RB’s exam time pointers

Below are RB’s tips for dealing with the exams themselves. Don’t forget that panicking gets you nowhere, stay calm and if the questions are tricky remember that everyone will likely be thinking the same, so your chances haven’t changed. If you have done effective revision and stayed healthy with good amounts of sleep your brain will be ready to perform.


1. Plan carefully

On the day of your exam make sure that you know when and where the exam is and get there in plenty of time. Make sure you have everything with you that you need – pens, pencils, rubber, calculator? and that you have any identification or necessary details.

When you open the paper, make sure that you read the whole thing prior to picking up your pen.  Use this time to work out which questions you’re going to do and how much time you are going to spend on each one. Read what is required of you on the front page of the paper carefully, answering the wrong sections/ too many questions in the exam would be devastating.

Remember that an exam isn’t about showing how much you know, it is about answering a question properly and demonstrating that you are able to apply your knowledge correctly. You might be tempted to answer a question on a subject that you know lots about, but it might actually be a difficult question and the subject that you find more difficult may have a question that you can answer better. Choose the questions that you are able to answer most effectively.

Look at the mark scheme to make sure that you will be answering the question as required. A 3 mark answer will need less time than a 15 mark answer. Time it accordingly, write down your timings to help you feel in control and do your best to stick to these as closely as possible. Don’t forget to give yourself 10 minutes to read over your answers at the end.

Don’t panic if you run over your time scale by a few minutes, but do make sure that you will be able to make it up. Running out of time makes the exam stressful and you won’t perform as well.

2. Give yourself a clue – Look at the mark scheme

If a question has 3 marks, it is likely to be expecting you to point out 3 things, bear this in mind.

3. Start with the easiest question

In doing this you will:

1) Boost your confidence because you will have safely completed a question that you are pleased with

2) If it is the easiest, you should find you spend less time on it. It gives you the opportunity to answer it well, but to also give you more time for the question that you think might be harder, without having to start it and then come back to it in fear of running out of time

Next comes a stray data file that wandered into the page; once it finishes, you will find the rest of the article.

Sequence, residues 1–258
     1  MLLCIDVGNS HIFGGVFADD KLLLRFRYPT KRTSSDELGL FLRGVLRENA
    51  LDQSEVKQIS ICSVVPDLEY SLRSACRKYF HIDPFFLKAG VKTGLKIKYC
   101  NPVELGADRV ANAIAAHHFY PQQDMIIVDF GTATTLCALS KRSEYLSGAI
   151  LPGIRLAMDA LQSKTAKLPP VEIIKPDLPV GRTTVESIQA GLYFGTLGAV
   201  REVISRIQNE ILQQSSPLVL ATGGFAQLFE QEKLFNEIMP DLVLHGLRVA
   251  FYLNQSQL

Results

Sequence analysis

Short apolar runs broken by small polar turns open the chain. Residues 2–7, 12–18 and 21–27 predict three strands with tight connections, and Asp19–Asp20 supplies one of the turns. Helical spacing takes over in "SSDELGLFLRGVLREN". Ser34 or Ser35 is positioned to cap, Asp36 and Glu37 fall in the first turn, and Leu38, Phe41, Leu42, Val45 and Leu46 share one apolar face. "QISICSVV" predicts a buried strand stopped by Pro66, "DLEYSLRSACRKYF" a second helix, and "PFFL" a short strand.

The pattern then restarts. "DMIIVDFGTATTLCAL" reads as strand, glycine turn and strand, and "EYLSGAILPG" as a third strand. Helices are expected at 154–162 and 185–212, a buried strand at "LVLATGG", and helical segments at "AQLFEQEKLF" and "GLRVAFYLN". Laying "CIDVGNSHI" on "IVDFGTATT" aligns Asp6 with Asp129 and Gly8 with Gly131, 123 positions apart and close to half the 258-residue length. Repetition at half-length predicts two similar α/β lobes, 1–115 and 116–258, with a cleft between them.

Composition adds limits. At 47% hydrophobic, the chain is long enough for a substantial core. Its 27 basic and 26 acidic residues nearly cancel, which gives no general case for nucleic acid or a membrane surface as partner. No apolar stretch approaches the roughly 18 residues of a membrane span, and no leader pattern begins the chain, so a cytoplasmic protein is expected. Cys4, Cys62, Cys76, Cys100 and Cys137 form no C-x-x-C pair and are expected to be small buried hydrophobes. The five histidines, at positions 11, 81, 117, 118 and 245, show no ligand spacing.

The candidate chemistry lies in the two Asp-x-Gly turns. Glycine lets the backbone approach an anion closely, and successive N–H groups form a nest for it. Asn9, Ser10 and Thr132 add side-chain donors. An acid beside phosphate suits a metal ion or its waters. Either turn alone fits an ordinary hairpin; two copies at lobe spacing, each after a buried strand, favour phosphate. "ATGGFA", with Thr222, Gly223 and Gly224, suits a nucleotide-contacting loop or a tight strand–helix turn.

4. If you get stuck, move on

On papers with lots of questions, like maths or science, be careful not to wind yourself up on a question that you get stuck on. You don’t have time. Move to the next question and come back to it later, you will be surprised how your brain might work when it returns to the question, it will be a bit refreshed and possibly confident that you have managed to answer other questions

Don’t forget to use your common sense, take a stab at answers even if you don’t know the answer for sure, it could be worth some marks. Noone can give you marks for a blank space

5. Keep hydrated and energised

Take some water in with you and sip it slowly (don’t drink too much, you don’t want to be going for a pee). Check this out to see the benefits: http://www.bbc.co.uk/news/education-17741653).Take in a chocolate bar or banana too if you think you might need an energy boost


This goes for all exams. Make sure you explain to the examiner what you are doing. For a maths exam, even if you come to the wrong answer, if you can show that you used the right method, you will get some marks. In a written paper, if you show your essay plan but you run out of time, you will still get marks credited. It is always worth it.

7. Running out of time?

Sometimes this happens and if it does you need to know how best to deal with the situation. If you have 2 questions left but you don’t have time to do them both, you should write plans for each, write the beginning of your answer for both and then bullet point the rest of your answer, or for a maths question, detail what calculations you would do to get to the answer. You get more points at the start of an answer than at the end, so this means that you will maximise your marks.

8. Why are you leaving early?

Unless you are 100% sure that you are going to score 100%, you should not walk out of an exam early. Read over your answers, double check your calculations, check that your essay answer covers all the points in the plan. Then check again.




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